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Building the Infrastructure for DoD Digital Learning Modernization

July 30, 2020

The ADL Initiative has released a report detailing its progress in developing the Total Learning Architecture (TLA). The TLA is a collection of data standards, interoperability specifications, IT architectural schemes, and policies that are collectively designed to enable federated digital learning ecosystems. This approach promises to modernize education and training for the DoD enterprise and beyond.

Total Learning Architecture Cover
Figure 1. Total Learning Architecture Cover

The 2019 TLA Report provides context for multiple efforts, each focused on developing foundational components of the “future learning ecosystem.” This ecosystem concept links together DoD’s disparate education and training digital learning systems into an interoperable system of systems that is fueled by the collection, sharing, and analysis of terabytes of learner data.

The TLA project began in earnest in 2016 with the vision of establishing a common data strategy across the DoD education and training enterprise. Over the past four years, various working groups and research projects have focused on components of this vision. As described in the latest report, the 2019 focus was on moving the research into practice, in particular, refining and hardening the architecture with an updated “Reference Implementation” (i.e., example software prototype buildout) to support the demonstration of TLA components in real-world DoD use cases.

Based on these efforts, the report’s appendices provide information for IT professionals, software system designers, and education/training system administrators. The technical guidance is consistent with the DoD Architectural Framework (DoDAF), and it describes how to integrate and implement TLA-based capabilities in detail.

Data Standards

The TLA data strategy uses a standards-based approach for learner data. Research in 2018 assessed the applicability of various commercially available standards to TLA requirements. By 2019, four specifications were identified as candidate standards and an effort was launched to have them formally adopted through the Institute of Electrical and Electronics Engineers (IEEE). Through 2019 and into 2020, the ADL Initiative has coordinated with DoD and other stakeholders on working groups focused on shepherding these candidate standards through the IEEE process.

The newly proposed standards include:

  • IEEE P92741.1 – This is an update to the xAPI standard, which focuses on learning activity tracking using activity streams. This standard also includes xAPI Profiles, such as cmi5 and the TLA’s Master Object Model. The standard will be formalized as xAPI 2.0, and it is expected to be approved in 2020.
  • IEEE 1484.12.1 – The Learning Object Metadata 2.0 standard is used to describe learning activities (e.g., courses, training exercises) and their associated content (e.g., videos, scenarios). It builds on a modified version of the Learning Resource Metadata Initiative standard. A draft standard is being submitted for finalization in early 2020.
  • IEEE 1484.20.1 – The Reusable Competency Definitions standard defines a data model for describing, referencing, and sharing competency definitions, their relationships to other competencies, and the alignment of evidence to help measure proficiency of the competencies. An update to this standard is expected to be approved in 2020.
  • IEEE 1484.2 – The Integrated Learner Record standard provides guidance for learner records related to: 1) Identity and trust, 2) Open ontology references, 3) Verifiable assertions, and 4) Integrated learner record payloads supporting the spectrum of formal to informal learning and associated learning records. This initiative intends to align existing learner record standards, commonly used across different academic sectors (e.g., K-12, post-secondary, continuing education), to help guide their integration into a record of lifelong learning.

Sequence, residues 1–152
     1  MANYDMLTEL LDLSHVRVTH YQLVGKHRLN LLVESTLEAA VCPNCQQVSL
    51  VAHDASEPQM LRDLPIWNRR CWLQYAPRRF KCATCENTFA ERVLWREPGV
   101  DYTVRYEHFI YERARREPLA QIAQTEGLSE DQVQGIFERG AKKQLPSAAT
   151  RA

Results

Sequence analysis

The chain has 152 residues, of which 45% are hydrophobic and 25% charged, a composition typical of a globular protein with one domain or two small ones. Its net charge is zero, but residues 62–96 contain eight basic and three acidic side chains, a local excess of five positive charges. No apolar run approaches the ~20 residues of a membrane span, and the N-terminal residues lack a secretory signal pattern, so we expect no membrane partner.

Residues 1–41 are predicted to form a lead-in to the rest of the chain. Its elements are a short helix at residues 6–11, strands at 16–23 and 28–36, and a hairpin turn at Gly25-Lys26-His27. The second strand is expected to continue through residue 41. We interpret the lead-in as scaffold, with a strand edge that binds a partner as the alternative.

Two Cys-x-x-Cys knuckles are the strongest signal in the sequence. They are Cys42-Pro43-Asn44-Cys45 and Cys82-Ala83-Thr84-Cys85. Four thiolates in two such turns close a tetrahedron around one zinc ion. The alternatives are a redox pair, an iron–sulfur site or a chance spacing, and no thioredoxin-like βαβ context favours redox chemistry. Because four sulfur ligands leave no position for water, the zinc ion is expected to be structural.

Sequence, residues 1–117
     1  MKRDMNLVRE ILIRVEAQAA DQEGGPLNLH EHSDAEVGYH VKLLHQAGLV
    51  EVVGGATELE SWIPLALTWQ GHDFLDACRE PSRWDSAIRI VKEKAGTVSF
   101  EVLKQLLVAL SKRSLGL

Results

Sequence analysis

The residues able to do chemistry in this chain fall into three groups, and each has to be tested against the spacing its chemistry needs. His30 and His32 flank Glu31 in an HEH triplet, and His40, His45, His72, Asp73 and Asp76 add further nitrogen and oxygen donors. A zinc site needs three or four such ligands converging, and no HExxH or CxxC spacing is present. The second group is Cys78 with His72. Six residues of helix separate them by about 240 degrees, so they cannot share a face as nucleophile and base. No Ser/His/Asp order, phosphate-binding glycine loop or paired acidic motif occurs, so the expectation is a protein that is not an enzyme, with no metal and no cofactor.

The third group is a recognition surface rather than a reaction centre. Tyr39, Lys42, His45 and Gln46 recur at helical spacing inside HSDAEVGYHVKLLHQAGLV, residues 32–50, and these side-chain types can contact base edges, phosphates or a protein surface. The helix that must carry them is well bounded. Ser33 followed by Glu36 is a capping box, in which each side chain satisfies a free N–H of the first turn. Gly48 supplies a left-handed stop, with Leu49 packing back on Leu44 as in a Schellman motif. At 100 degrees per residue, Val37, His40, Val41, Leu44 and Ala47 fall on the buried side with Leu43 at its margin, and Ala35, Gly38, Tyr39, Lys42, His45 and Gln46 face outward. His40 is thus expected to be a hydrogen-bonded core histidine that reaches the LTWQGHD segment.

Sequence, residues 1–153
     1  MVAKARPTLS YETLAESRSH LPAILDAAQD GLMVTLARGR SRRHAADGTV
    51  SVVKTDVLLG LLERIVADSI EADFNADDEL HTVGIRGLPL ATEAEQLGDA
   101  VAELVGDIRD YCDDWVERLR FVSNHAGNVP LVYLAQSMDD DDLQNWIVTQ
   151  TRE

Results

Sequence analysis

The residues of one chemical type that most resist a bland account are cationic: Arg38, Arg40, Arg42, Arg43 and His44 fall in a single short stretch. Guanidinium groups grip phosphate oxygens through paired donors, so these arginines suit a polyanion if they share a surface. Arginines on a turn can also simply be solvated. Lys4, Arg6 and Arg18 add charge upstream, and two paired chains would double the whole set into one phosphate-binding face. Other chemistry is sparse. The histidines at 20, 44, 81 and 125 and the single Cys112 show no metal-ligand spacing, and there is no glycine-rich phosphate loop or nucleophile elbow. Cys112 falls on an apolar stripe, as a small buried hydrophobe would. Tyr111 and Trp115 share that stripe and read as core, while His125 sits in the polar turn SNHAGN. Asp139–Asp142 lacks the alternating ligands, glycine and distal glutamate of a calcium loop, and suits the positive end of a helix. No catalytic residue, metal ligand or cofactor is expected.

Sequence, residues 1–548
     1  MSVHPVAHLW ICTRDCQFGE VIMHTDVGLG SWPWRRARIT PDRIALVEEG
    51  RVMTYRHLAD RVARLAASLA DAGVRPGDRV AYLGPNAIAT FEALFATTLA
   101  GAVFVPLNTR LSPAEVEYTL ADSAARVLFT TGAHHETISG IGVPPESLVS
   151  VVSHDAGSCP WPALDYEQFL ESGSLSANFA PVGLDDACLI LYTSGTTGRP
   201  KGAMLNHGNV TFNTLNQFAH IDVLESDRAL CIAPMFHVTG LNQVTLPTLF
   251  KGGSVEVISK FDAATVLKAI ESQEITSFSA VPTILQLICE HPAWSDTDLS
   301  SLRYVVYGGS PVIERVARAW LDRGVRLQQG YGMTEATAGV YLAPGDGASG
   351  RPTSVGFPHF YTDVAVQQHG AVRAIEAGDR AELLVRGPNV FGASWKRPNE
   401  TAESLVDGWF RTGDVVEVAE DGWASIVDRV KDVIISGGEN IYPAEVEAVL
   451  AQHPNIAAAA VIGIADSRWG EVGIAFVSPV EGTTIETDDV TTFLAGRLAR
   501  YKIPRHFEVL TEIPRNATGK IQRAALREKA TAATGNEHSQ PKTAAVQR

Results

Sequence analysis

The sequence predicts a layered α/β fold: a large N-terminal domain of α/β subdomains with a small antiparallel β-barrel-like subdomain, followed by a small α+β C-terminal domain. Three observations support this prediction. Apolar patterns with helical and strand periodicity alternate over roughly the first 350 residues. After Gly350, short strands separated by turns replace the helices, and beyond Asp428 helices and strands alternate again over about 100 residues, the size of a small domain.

Beyond these four, the ADL Initiative is supporting other IEEE standards updates that will contribute to TLA functionality, including IEEE 1484.1, the Conceptual Model for Learning Technology Systems. A study group is working to replace the deprecated Learning Technology Systems Architecture standard with this updated version. It aligns the IEEE standards that inform the TLA data strategy with other relevant standards backed by the Common Educational Standards Council and IMS Global. The objective is to guide the design, development, and delivery of learning technologies for primary, secondary, post-secondary, workforce, and informal education providers.

Federated Data Sharing

In parallel with the development of data standards, the ADL Initiative team prototyped new and more efficient approaches for data sharing.

The TLA uses a data federation approach to enable global discoverability and semantic interoperability for data stored by different DoD Components within their associated systems. This approach decouples the functions typically performed by traditional standalone learning applications, such as those found in Learning Management Systems and Student Information Systems, into composable services. This approach promises to support a broader array of learning experiences and enable learning at-scale across the DoD enterprise.

ICAM Conceptual Diagram
Figure 2. ICAM Conceptual Diagram

Research in 2019-2020 also addressed a key challenge to the federated architecture approach: compliance with Federal Identity, Credential, and Access Management (FICAM) security requirements. The ADL Initiative is integrating Federal Government and DoD guidance on FICAM within the TLA, and the TLA’s 2019-2020 Reference Implementation was configured in accordance with current draft FICAM policies. Currently, ADL Initiative engineers are working with personnel from the Center for Development of Security Excellence to validate those TLA FICAM specifications.

Finally, given the ever-growing proliferation of data systems and learning services, an enterprise learning ecosystem is envisioned to have a high throughput, with millions of daily data interactions. Hence the TLA needs to accommodate a high volume of data. But the point-to-point data communications used in the ADL Initiative’s 2018 TLA reference implementation were not sufficient for scaled-up TLA implementations, so in 2019, the team reconfigured the architecture to a publish/subscribe data messaging approach using Kafka, an open-source stream-processing software. This streaming-data architectural design proved to be a more scalable and effective approach.

TLA Reference Implementation Components

The 2019-2020 TLA Reference Implementation, leveraging lessons learned in 2018, included seven core components; these are: